WORKPLACE LIFE

Does Something Smell Phishy? Learn How to Avoid Taking the Bait

phishhook “Phishing” — e-mail that look like legitimate official or personal correspondence, but in fact misleads you into entering sensitive information or inadvertently installing spyware or other malware on your computer — is one of the leading tools of cybercriminals.

Phishing season is year ’round, but this is an especially risky time because many of these scams are disguised as mail from the Internal Revenue Service. Phishing e-mails can be quite plausible in appearance, and even sophisticated users who let their guard down can get hooked and reeled in.

LBNL’s IT Division has developed a new program to raise and maintain our ability to spot “phishing.” Sign up for it and from time to time you’ll get a harmless e-mail crafted by their cybersecurity staff to resemble the latest phishing scams. Users who have tried out out are reporting the experience to be educational and informative, as well as a fun challenge. Give it a try and learn how to protect your computer and the official systems linked to it.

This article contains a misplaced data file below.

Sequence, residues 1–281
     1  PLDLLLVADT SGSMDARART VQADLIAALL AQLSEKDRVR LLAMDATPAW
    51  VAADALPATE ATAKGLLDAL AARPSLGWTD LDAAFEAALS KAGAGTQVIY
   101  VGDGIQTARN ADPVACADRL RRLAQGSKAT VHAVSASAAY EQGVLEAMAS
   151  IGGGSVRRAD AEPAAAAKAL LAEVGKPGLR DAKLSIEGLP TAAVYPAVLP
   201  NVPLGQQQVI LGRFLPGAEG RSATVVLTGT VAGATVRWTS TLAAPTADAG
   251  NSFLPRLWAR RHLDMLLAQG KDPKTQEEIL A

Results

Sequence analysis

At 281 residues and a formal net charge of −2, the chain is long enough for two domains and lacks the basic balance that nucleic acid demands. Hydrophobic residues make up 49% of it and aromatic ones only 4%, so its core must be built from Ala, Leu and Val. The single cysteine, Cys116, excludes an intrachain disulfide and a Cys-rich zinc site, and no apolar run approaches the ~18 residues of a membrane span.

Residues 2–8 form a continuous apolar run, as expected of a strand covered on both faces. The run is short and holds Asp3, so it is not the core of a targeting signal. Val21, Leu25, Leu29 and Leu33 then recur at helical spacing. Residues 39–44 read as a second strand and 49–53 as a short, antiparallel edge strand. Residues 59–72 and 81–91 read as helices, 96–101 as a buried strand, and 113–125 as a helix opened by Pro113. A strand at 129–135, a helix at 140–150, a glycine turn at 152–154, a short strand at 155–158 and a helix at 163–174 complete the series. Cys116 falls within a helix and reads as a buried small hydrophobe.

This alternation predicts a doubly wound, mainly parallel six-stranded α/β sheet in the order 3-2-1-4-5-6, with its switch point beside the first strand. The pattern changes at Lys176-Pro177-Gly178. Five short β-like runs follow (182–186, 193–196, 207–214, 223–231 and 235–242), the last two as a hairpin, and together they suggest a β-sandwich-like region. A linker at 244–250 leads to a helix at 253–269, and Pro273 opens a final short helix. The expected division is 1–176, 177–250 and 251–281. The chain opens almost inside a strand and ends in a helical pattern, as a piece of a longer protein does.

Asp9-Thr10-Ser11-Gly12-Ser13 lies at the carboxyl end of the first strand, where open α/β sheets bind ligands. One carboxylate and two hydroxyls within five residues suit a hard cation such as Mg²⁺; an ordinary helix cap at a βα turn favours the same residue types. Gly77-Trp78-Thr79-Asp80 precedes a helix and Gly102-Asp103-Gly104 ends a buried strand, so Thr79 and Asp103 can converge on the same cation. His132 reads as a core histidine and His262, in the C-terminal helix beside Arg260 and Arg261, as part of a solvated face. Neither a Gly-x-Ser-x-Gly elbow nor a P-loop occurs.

To Learn More…

The Lab’s required annual Computer Security Refresher Course has information on phishing (and many other threats) and may be re-taken at any time. You can also learn about phishing from the Federal Trade Commission and (with an emphasis on tax season) the IRS.

Hone Your Communication Skills with a Free Workshop March 27

CSimpson_100x100y Continuing their efforts to promote professional development at Berkeley Lab, the Diversity and Inclusion Office has partnered with Cindy Simpson from the Association for Women in Science (AWiS) to host a workshop entitled, “Effective Communication Tips and Techniques.”

The workshop is open to all employees and will be held on Monday, March 27, 2017, 1:00-3:00 p.m. in Building 59, Room 3101. (A morning session is also being offered for postdocs.)

The learning objectives of the Effective Communication Tips and Techniques workshop are to provide participants with:

  • An understanding of the different influencing factors that inhibit effective communication;
  • A review of the techniques that can be employed relating to verbal and nonverbal communication; and
  • A comprehensive approach on how to improve their communications style.